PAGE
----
Titanium Metals: Demand Taking Off


Titanium Metals: Demand Taking Off

This producer is in a good position to benefit from surging titanium prices -- fueled by aircraft orders and industrial demand from China.

Newcomers are headed for an airport near you. The Airbus A380, currently the world's biggest passenger aircraft, made its maiden voyage March 19. The behemoth can seat as many as 555 passengers. Not to be outdone, rival Boeing plans to launch the 787 Dreamliner, a large, fuel-efficient carrier, by May 2008.

Whether Airbus or Boeing rules the skies, the manufacturers will need more titanium. The metal will account for about 22% of the total weight of the Boeing 787. To produce a single A380, Airbus requires about 77 tons of titanium, which is as strong as steel, about 45% lighter and corrosive resistant.

The titanium industry has been on a tear over the past two years. The price for milled titanium has more than doubled in that period. And shares of titanium producers have flourished with the price surge. In 2006, the stock of titanium producer Allegheny Technologies (symbol ATI) was the top-performing component of the Standard & Poor's 500-stock index, with a 151% return.

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Don't expect the boom to fizzle, says Banc of America analyst Kuni Chen. Aircraft orders and industrial demand from China will keep titanium supplies tight for at least the next three years, he says. The sustained need for the light-weight metal presents opportunities for investors. Among the three publicly traded U.S. titanium producers - Allegheny, RTI International and Titanium Metals -- Chen sees Titanium Metals (TIE) as the clear winner.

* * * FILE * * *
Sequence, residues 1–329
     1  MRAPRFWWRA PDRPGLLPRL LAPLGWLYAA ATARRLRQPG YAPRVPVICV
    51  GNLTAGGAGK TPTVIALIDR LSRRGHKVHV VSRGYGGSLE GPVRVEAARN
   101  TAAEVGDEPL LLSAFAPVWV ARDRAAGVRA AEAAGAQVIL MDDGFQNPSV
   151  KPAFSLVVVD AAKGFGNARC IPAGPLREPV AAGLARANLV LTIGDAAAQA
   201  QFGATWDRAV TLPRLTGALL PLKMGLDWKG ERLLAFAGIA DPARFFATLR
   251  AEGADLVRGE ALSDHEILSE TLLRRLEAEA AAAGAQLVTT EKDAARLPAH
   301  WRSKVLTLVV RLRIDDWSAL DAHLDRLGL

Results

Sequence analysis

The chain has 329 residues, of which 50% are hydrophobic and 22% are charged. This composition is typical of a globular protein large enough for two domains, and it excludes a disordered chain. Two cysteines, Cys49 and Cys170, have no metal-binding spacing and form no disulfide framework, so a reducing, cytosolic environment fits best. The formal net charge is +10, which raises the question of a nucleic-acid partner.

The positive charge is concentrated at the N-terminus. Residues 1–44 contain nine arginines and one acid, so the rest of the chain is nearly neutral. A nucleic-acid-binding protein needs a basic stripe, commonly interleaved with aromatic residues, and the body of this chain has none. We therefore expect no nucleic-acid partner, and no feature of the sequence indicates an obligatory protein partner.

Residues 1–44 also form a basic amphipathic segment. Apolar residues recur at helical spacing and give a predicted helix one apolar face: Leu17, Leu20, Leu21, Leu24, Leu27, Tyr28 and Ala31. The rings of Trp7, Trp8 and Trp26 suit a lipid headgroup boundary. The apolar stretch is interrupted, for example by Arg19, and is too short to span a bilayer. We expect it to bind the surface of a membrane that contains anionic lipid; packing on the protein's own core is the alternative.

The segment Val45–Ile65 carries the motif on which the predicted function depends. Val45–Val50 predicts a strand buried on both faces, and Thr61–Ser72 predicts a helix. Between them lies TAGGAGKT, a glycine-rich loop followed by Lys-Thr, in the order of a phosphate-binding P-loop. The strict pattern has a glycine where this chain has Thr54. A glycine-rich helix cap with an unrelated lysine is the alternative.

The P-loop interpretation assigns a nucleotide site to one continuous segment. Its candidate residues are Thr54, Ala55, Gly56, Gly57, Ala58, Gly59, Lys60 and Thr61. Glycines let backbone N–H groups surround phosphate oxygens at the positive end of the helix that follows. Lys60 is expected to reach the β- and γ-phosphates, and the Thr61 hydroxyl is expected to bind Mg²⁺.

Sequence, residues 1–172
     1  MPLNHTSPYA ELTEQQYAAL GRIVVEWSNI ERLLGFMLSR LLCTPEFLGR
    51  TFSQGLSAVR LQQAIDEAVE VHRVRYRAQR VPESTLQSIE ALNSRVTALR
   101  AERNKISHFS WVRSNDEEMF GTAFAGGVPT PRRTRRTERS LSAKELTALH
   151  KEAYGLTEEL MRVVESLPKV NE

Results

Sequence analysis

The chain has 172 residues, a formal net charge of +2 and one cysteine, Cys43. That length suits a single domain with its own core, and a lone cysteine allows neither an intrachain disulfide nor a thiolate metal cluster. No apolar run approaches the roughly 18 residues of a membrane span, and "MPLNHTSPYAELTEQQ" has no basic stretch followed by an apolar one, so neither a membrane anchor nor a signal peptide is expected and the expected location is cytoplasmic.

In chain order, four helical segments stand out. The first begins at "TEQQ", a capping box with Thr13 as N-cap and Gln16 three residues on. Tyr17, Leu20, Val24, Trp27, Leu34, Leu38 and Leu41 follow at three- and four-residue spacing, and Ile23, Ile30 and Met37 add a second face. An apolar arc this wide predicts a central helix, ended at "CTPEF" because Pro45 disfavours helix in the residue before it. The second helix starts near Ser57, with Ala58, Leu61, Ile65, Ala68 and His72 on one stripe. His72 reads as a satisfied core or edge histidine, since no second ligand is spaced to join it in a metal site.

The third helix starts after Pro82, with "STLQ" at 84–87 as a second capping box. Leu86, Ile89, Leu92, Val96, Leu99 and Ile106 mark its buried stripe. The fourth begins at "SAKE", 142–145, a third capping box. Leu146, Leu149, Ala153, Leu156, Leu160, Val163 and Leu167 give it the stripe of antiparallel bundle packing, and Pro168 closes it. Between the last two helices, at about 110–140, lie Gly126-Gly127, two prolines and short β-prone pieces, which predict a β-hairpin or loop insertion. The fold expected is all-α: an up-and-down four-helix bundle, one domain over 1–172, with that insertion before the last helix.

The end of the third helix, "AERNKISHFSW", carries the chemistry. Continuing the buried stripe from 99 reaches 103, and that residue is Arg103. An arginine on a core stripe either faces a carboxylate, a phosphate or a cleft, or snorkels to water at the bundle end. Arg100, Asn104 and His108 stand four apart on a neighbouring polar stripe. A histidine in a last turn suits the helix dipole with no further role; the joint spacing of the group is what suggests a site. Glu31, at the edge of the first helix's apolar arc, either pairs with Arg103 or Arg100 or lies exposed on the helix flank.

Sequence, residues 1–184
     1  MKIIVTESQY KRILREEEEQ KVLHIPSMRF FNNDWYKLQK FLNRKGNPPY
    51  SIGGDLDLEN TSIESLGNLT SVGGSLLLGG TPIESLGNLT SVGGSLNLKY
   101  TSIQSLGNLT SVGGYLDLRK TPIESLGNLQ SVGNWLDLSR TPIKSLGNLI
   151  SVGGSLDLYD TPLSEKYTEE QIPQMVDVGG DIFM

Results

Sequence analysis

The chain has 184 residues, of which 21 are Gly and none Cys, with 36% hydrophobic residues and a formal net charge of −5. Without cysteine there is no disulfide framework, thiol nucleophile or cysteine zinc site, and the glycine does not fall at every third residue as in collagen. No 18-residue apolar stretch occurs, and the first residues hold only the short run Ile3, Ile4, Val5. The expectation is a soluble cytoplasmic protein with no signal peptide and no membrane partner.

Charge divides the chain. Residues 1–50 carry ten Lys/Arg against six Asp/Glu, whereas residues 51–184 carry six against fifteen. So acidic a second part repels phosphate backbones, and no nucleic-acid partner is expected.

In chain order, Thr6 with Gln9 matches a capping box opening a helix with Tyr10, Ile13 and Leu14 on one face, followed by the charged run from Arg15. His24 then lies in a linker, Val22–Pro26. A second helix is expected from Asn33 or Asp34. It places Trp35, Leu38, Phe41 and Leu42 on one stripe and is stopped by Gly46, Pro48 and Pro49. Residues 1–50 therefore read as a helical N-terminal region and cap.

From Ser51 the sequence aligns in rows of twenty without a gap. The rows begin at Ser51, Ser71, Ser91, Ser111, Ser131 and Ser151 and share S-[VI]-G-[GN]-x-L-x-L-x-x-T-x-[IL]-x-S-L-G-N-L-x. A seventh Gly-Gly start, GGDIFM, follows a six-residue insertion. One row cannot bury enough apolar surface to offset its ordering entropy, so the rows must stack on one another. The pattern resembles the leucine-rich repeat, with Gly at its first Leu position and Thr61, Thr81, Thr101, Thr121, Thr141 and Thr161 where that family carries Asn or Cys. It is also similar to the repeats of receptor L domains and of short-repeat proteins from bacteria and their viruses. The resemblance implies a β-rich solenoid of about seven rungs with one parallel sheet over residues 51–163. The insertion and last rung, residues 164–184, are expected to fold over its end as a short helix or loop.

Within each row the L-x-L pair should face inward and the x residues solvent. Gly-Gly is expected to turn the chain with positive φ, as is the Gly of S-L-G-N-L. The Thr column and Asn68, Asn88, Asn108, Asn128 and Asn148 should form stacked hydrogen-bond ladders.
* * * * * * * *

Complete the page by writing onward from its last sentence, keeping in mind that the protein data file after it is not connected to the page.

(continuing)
Titanium is produced in three basic steps. First, the ore is reduced into a porous "sponge" form. Then, titanium sponge and scrap is melted down to form ingot. Finally, that ingot is milled to make billets and bars. While the capacity to produce sponge should grow rapidly with demand, the capacity to melt and mill titanium will be a bottleneck, Chen says, and he expects the market for milled products to remain tight for several more years. Chen estimates that aerospace manufacturers have a backlog of more than 5,000 aircraft and will require more titanium production to fulfill those orders.

Among its competitors, Titanium Metals is in the best position to take advantage of higher prices and stronger demand, Chen says. Only 39% of Titanium Metals sales are under long-term price contracts while more than half of RTI's sales and about 70% of Allegheny's sales are under contact. That means that if titanium prices increase, Titanium Metals will benefit more from the rise than its rivals. Chen sees existing Titanium Metals contracts being renewed at higher rates and new contracts won on better terms because of increased demand.

Just to keep up with Boeing orders, Titanium Metals will have to boost production in its mills by 50% over the next two years, Chen says. He forecasts that Titanium Metals will generate more cash from its operations than Allegheny and RTI and use the money to expand its production.

Chen's call is not without risk. Commodity investments are volatile. Prices could fall apart if the industry boosts its capacity to produce melted and milled titanium, if Boeing and Airbus experience productions delays or if there are any negative shocks to aircraft demand or to China's economy.

Shares of Titanium Metals climbed 2%, to $35.38, on March 20. It trades at 23 times the $1.50 per share Chen expects the company to earn in 2007. He suggests that investors buy on price dips and thinks the stock is worth $41.